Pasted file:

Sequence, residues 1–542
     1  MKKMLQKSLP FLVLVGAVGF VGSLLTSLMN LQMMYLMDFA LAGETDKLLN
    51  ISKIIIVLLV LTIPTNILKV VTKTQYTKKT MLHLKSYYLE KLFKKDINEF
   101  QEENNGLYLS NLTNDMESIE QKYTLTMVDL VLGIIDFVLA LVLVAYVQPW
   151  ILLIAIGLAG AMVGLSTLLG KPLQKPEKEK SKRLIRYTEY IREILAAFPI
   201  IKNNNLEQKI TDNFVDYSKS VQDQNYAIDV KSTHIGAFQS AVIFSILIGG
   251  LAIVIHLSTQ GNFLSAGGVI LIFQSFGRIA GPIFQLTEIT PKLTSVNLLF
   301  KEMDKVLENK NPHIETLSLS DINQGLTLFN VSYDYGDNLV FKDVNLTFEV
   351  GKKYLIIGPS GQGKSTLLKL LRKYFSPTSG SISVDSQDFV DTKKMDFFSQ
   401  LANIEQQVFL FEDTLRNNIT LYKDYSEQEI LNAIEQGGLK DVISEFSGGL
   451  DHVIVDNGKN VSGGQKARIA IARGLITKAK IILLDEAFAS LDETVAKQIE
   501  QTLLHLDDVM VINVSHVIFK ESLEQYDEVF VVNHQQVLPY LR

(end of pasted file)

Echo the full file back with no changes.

Sequence, residues 1–542
     1  MKKMLQKSLP FLVLVGAVGF VGSLLTSLMN LQMMYLMDFA LAGETDKLLN
    51  ISKIIIVLLV LTIPTNILKV VTKTQYTKKT MLHLKSYYLE KLFKKDINEF
   101  QEENNGLYLS NLTNDMESIE QKYTLTMVDL VLGIIDFVLA LVLVAYVQPW
   151  ILLIAIGLAG AMVGLSTLLG KPLQKPEKEK SKRLIRYTEY IREILAAFPI
   201  IKNNNLEQKI TDNFVDYSKS VQDQNYAIDV KSTHIGAFQS AVIFSILIGG
   251  LAIVIHLSTQ GNFLSAGGVI LIFQSFGRIA GPIFQLTEIT PKLTSVNLLF
   301  KEMDKVLENK NPHIETLSLS DINQGLTLFN VSYDYGDNLV FKDVNLTFEV
   351  GKKYLIIGPS GQGKSTLLKL LRKYFSPTSG SISVDSQDFV DTKKMDFFSQ
   401  LANIEQQVFL FEDTLRNNIT LYKDYSEQEI LNAIEQGGLK DVISEFSGGL
   451  DHVIVDNGKN VSGGQKARIA IARGLITKAK IILLDEAFAS LDETVAKQIE
   501  QTLLHLDDVM VINVSHVIFK ESLEQYDEVF VVNHQQVLPY LR